Trying durian a couple of times does not mean you get a taste for it. Its deep smell and strong taste can act strong repellents; however, this controversial fruit is one of the most fruits in Indonesia, which is also one of the main producers and consumers. There are many varieties and many ways to eat it. You can dig in it with your hands or dilute is taste into sugar and flour and make amazing pancakes. In any case, it’s wroth a try, even if you will not be licking your fingers afterwards. You are probably missing something if a large part of the Asian population waits for the durian season with anticipation queues for hours in front of the most renown durian stalls. Who knows? Perhaps the Tukang Durian [durian seller] is your next guru. You will not discover this until you give it a go!
Durian [from Indonesian/Malay word Duri, meaning “thorn”] is a fruit unique to southeast Asia and native to Sumatra and Borneo and locally known as The King of Fruits. It grows and very tall trees and can weight as much as 5 kg. durians ripen in around 4 months; when they fall, they have to be consumed within maximum four days, after which it is considered overripe. For this reason, durians price rarely drops. Trees grow in tropical climates across Southeast Asia and each region has its own varieties. Durians found outside Southeast Asia usually come from Thailand and are of the Mon Tong variety, which is the only exportable one because it can be stored for weeks. However, durian experts say this type lacks taste and texture. Indonesia is the largest durian consumer in the world and North Sumatra is apparently the best place to find this fruit, because there are many varieties and durians can be found all year round.
How to choose a durian
There is no accounting for taste and there is no right way to pick the best durian, simply because there are as many preferences as there are varieties. The best way to choose a durian is to have the Tukang Durian choose it for you. In Indonesia, durians are usually sold and street stalls and the tukang durian is the salesperson and the expert who will advice you best according to your tastes. Is it the first time you try durian? Then it is probably better to go for the young fruit, which has a mild flavor and a crispy texture. You like strong taste and you are not afraid of smelly flesh? Then get the ripest ones, the ones with a creamy flesh and nutty flavor. In any case, do not be fooled by the smell, which often does not reflect the actual taste of the fruit. Most of all, taste before you buy and trust the tukang durian, who may be even able to tell you what plantation the durian you are buying is from and other interesting stories about The King of Fruit.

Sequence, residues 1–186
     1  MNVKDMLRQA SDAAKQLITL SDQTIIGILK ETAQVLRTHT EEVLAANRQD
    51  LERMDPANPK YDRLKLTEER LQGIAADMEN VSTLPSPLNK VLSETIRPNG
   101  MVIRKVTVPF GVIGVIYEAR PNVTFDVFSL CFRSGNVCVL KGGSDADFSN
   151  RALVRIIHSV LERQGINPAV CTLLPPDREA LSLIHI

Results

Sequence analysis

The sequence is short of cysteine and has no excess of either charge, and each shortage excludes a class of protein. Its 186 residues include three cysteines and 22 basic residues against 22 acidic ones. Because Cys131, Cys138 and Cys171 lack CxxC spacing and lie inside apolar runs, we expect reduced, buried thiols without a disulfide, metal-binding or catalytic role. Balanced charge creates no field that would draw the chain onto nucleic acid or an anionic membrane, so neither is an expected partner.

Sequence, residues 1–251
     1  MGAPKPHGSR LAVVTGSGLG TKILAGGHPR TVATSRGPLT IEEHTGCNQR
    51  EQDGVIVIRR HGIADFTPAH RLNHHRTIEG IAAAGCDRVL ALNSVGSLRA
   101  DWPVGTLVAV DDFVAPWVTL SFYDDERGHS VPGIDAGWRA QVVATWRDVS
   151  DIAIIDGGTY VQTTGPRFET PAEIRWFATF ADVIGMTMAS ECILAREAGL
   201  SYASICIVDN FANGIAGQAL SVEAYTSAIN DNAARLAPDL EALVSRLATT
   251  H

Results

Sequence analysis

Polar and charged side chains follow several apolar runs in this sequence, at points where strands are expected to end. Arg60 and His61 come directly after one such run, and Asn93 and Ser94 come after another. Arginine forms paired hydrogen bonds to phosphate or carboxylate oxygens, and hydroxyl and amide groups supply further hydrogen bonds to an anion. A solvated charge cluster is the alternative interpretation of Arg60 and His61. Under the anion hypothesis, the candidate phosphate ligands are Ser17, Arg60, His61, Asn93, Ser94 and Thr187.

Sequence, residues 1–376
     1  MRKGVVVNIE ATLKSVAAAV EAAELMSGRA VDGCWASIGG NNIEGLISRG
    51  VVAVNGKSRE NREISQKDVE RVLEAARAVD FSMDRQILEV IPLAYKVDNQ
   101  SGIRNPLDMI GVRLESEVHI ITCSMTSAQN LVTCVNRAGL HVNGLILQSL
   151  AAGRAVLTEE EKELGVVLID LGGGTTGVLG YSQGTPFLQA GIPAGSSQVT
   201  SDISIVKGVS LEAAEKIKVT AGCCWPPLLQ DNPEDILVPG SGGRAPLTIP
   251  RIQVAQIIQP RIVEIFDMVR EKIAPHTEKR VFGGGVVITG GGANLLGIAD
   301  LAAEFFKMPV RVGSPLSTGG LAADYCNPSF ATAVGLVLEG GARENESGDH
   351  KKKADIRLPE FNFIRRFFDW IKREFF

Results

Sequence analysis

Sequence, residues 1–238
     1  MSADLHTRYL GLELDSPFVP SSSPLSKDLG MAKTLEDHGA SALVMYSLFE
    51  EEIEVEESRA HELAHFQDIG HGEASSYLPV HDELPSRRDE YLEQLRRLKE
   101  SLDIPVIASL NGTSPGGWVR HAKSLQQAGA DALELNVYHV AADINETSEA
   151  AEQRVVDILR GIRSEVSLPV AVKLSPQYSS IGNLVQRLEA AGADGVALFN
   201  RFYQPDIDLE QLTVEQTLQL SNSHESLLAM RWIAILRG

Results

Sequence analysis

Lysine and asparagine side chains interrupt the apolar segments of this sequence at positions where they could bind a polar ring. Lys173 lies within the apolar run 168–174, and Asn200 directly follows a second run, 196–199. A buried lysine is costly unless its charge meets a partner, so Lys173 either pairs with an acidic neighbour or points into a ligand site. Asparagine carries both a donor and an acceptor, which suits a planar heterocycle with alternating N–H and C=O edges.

How to eat a durian
It is safer to open a durian without a knife; if you use one, make sure the knife is very sharp and you can deep cut into the divider along the center of the half. If you’d rather choose the safer option, wear shoes, place the durian on the floor and put all your weight on it until it cracks.
Dig into it
Pull apart the fruit by using your fingers and apply some force. The riper the fruit, the easier and messier this operation will be.
Go for it. Use your fingers and enjoy. Just do not eat too much, as you may get sick. A great way to finish your durian feast is to cool your mouth with some mangosteen or pineapple.
The Indonesian expression “Durian jatuh sarung naik”, meaning “ the durians fall and the sarongs come up” indicates the belief that this fruit has aphrodisiac qualities. It probably comes from the fact that eating durian heats up the body, this is why it is not recommended for people with high blood pressure or to consume alcohol and coffee after eating it.
Durians are very nutricious and are use to flavour many traditional Indonisian and Malay dishes, from desserts to side dishes with chilli and onions and even main courses, such as Ikan brengkes, a traditional Sumatran dish where fish is cooked in durian sauce. Other parts of the fruit are consumed; nectar of the tree is used to make honey and seeds are roasted or fried with sugar. Here, we propose a simple recipe to make durian pancakes, a delight to be served cold on hot tropical days!
250 gr of flour
550 ml of coconut milk
A pinch of salt
A pinch of pandan paste
Mix flour and salt
Add the eggs and stir until smooth. Slowly pour the milk, add the pandan paste and stir. On a hot non-sticky frying pan, pour a small amount of batter at a time. Cook for about 2 minutes. Take off the fire and place some whipped cream and fresh durian in the centre. Fold the pancake and put in the fridge. Enjoy!
Did you know?
Another name for Jakarta is “The Big Durian”. Just like the fruit, Jakarta can chase away first-time visitors because of its smell and appearance. However, by peeling away the layers, many people got hooked to this amazing city and Jakarta is the place they call home.